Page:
Call for more action on in-work progression reinforced by DWP Committee

11th May 2016

Reforms to employment support services for in-work Universal Credit claiments in England are potentially “the most significant welfare reform since 1948”, the House of Commons Work and Pensions Committee has said as it publishes the it’s recommendations to Government on ‘In-work progression in Universal Credit’. Echoing concerns raised by Learning and Work Institute, the Committee warns Government that an urgent step-change in needed in addressing the barriers workers face which might prevent them meeting requirements to meet their earnings. We welcome the Committee’s report, especially in highlighting the need for in-work progression trials and much stronger engagement between Jobcentre Plus and employers. 

Frank Field MP, Chair of the Work and Pensions Committee, said,

“The in-work service promoses progress in finally breaking the cycle of people getting stuck in low pay, low prospects employment. We congratulate the Government for developing this innovation. As far as we can tell, nothing like this has been tried anywhere else in the world. This is a very different kind of welfare, which will require developing a new kind of public servant.”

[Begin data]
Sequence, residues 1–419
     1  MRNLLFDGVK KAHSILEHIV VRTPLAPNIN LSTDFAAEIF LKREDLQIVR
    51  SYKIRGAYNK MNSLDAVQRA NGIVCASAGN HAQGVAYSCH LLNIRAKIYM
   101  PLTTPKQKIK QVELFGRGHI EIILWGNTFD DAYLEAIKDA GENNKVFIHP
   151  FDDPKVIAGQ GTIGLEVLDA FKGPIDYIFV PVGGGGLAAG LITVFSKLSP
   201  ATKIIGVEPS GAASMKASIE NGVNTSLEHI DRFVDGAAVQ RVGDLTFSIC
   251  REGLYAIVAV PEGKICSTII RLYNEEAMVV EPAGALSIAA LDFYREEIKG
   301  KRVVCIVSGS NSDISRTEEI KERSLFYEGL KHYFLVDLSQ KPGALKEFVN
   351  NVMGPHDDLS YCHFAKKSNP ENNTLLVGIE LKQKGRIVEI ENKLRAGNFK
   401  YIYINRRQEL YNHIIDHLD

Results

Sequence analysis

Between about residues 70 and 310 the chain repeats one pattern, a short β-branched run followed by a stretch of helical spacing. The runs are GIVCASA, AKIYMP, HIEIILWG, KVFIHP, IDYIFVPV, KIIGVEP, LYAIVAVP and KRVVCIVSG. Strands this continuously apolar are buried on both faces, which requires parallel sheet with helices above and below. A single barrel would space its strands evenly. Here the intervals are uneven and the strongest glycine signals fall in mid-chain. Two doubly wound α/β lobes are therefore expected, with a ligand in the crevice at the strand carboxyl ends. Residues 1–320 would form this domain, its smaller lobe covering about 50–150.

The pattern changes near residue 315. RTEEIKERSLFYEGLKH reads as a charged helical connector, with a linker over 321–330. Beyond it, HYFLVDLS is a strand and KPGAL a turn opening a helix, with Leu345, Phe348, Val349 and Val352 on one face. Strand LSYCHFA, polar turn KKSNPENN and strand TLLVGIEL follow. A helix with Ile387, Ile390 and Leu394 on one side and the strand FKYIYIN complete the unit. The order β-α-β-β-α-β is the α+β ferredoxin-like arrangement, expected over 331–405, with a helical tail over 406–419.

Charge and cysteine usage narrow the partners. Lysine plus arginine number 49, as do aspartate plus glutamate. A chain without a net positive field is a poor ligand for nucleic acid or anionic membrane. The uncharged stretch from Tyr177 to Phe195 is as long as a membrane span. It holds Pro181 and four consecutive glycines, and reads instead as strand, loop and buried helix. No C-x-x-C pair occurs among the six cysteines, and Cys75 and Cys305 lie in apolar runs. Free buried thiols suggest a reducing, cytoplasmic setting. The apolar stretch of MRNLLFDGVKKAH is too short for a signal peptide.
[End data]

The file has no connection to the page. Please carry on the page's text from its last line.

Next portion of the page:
Tony Wilson, Policy and Research Director at Learning and Work Institute, who gave evidence to this inquiry, said:

“There are far too many people in low paid employment who are not getting the support they need to progress into a better paid job and move up the ladder. That’s why we welcome this inquiry report as a powerful contribution to building the right, high quality employment support services needed to help people increase their earnings and become less dependent on in-work benefits.

“We’re pleased to see the Committee agree with us about the importance of trials, the need for services to be organised and delivered differently and with more partners, and for better impact measures such as poverty and productivity. 

“Learning and Work has a growing evidence base to support the Department rolling out these important reforms. We have evaluated small-scale in-work support trials delivered by Timewise in South London for DWP and are working with Trust for London and the Walcot Foundation to support the ‘Step Up’ programme’s six in-work support trials for low paid workers.

“We hope the Department for Work and Pensions closely considers these recommendations in its response to the Committee.”

Learning and Work Institute’s submission to the inquiry can be downloaded here